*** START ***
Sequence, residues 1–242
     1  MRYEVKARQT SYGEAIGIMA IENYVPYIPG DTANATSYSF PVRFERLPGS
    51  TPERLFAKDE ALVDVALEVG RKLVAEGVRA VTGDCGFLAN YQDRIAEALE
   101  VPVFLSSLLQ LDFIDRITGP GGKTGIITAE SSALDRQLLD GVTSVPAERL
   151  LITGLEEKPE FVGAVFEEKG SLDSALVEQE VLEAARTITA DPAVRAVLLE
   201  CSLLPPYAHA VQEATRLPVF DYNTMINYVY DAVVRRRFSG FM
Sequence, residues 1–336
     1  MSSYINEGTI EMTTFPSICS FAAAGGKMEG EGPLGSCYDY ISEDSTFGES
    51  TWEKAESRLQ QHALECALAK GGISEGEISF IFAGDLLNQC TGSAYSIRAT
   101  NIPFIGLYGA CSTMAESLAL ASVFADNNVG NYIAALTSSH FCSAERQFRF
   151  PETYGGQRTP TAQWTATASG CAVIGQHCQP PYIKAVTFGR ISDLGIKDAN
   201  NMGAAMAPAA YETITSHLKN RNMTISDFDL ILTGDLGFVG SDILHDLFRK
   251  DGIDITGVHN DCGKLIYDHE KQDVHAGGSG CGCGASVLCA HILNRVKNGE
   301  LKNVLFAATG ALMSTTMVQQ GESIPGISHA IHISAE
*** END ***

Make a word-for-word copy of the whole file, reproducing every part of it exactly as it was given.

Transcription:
Sequence, residues 1–242
     1  MRYEVKARQT SYGEAIGIMA IENYVPYIPG DTANATSYSF PVRFERLPGS
    51  TPERLFAKDE ALVDVALEVG RKLVAEGVRA VTGDCGFLAN YQDRIAEALE
   101  VPVFLSSLLQ LDFIDRITGP GGKTGIITAE SSALDRQLLD GVTSVPAERL
   151  LITGLEEKPE FVGAVFEEKG SLDSALVEQE VLEAARTITA DPAVRAVLLE
   201  CSLLPPYAHA VQEATRLPVF DYNTMINYVY DAVVRRRFSG FM
Sequence, residues 1–336
     1  MSSYINEGTI EMTTFPSICS FAAAGGKMEG EGPLGSCYDY ISEDSTFGES
    51  TWEKAESRLQ QHALECALAK GGISEGEISF IFAGDLLNQC TGSAYSIRAT
   101  NIPFIGLYGA CSTMAESLAL ASVFADNNVG NYIAALTSSH FCSAERQFRF
   151  PETYGGQRTP TAQWTATASG CAVIGQHCQP PYIKAVTFGR ISDLGIKDAN
   201  NMGAAMAPAA YETITSHLKN RNMTISDFDL ILTGDLGFVG SDILHDLFRK
   251  DGIDITGVHN DCGKLIYDHE KQDVHAGGSG CGCGASVLCA HILNRVKNGE
   301  LKNVLFAATG ALMSTTMVQQ GESIPGISHA IHISAE